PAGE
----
15 If you develop a number of small components (a small component would be, for example, a component containing a single computation or edit function), the degree of reuse is high. However, assembling an application using such small components can be complex and can adversely affect productivity. Larger, more complex components can result in greater productivity, but offer less opportunity for reuse. Figure 1-5 illustrates the relationship between reuse and productivity based on the granularity of components. Packaged applications Application components, subsystems Objects, controls, class libraries Reuse Business components, subsystems Productivity Figure 1-5 Trade-off between reuse and productivity Easier maintenance of existing functionality When maintaining existing functionality, changes can be made to existing components as long as no changes are made to their interface. Once a component is modified, the component should be thoroughly tested to ensure it still functions as intended, using regression testing or a similar testing regime. After testing, the component should be reintegrated into the application and component repository. No program changes or recompilations of other components are required. You do not need to test any other functionality of the same component. UNIFACE Component-based Development Methodology (Dec 2000) 1-11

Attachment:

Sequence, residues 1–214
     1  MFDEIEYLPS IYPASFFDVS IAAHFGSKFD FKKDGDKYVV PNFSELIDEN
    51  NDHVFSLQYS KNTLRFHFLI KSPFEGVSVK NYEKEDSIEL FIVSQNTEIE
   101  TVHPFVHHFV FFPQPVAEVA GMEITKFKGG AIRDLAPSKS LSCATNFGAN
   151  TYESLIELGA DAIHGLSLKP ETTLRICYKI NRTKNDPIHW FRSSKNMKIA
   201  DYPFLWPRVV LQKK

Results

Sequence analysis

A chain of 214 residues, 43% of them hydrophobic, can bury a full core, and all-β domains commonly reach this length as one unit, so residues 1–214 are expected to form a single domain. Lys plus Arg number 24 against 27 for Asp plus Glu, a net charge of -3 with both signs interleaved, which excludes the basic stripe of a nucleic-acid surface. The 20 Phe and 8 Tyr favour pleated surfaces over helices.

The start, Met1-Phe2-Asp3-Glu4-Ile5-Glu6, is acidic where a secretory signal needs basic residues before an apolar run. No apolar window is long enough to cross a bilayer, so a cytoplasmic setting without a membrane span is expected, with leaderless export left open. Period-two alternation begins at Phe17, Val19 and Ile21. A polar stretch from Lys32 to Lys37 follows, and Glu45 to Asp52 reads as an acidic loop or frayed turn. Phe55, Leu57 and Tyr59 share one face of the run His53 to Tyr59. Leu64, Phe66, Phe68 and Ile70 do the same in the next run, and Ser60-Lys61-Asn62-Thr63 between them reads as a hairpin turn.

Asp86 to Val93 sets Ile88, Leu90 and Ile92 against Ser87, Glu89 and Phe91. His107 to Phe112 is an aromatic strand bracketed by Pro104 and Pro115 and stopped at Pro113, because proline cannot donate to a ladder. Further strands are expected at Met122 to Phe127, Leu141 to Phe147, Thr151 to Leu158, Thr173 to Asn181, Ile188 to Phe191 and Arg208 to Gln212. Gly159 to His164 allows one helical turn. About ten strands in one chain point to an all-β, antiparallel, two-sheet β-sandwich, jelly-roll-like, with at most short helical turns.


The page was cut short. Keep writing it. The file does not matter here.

16 1.4.4 Replacing components with other components A component is a set of related operations. Each component has its own unique design contract. Based upon the assertions of the contract, a developer using a component can be confident in the integrity of its function and the accuracy of its interface. As components are assembled into applications, interfaces provide the means of linking components together in order to provide the desired functionality. For example, an order entry component might be linked to a part selection component to enable the user to make a selection from a list of available parts when entering an order. As components are self-contained, they can be replaced by other components. For example, the part selection component mentioned above could have been implemented using C++. At some point, you can decide that this function could be better implemented using a different technology, such as UNIFACE. Any component can be replaced at assembly time by another component that fulfills the specified design contract Separating application layers Components allow you to adopt a multitier architecture by making it possible to separate the presentation, business logic, and data access layers of an application. Components within the presentation layer provide the graphical user interface (GUI) and govern the user s interaction with the application. Presentation components contain no business rules and are stateless. Components within the business logic layer realize all of the applications business rules and disclose the public structural and behavior elements to the presentation layer. These business rules include process-based business rules, structural business rules, rules that apply to hierarchical records sets, and rules that apply to specific occurrences or collections of records. Components within the data access layer provide transparent, heterogeneous access to the various application data sources. Primarily, these components consist of DBMS drivers or ODBC drivers. Additionally, there can be other more complex data access components, such as UNIFACE PolyServer or encapsulated DBMS stored procedures (Dec 2000) Introduction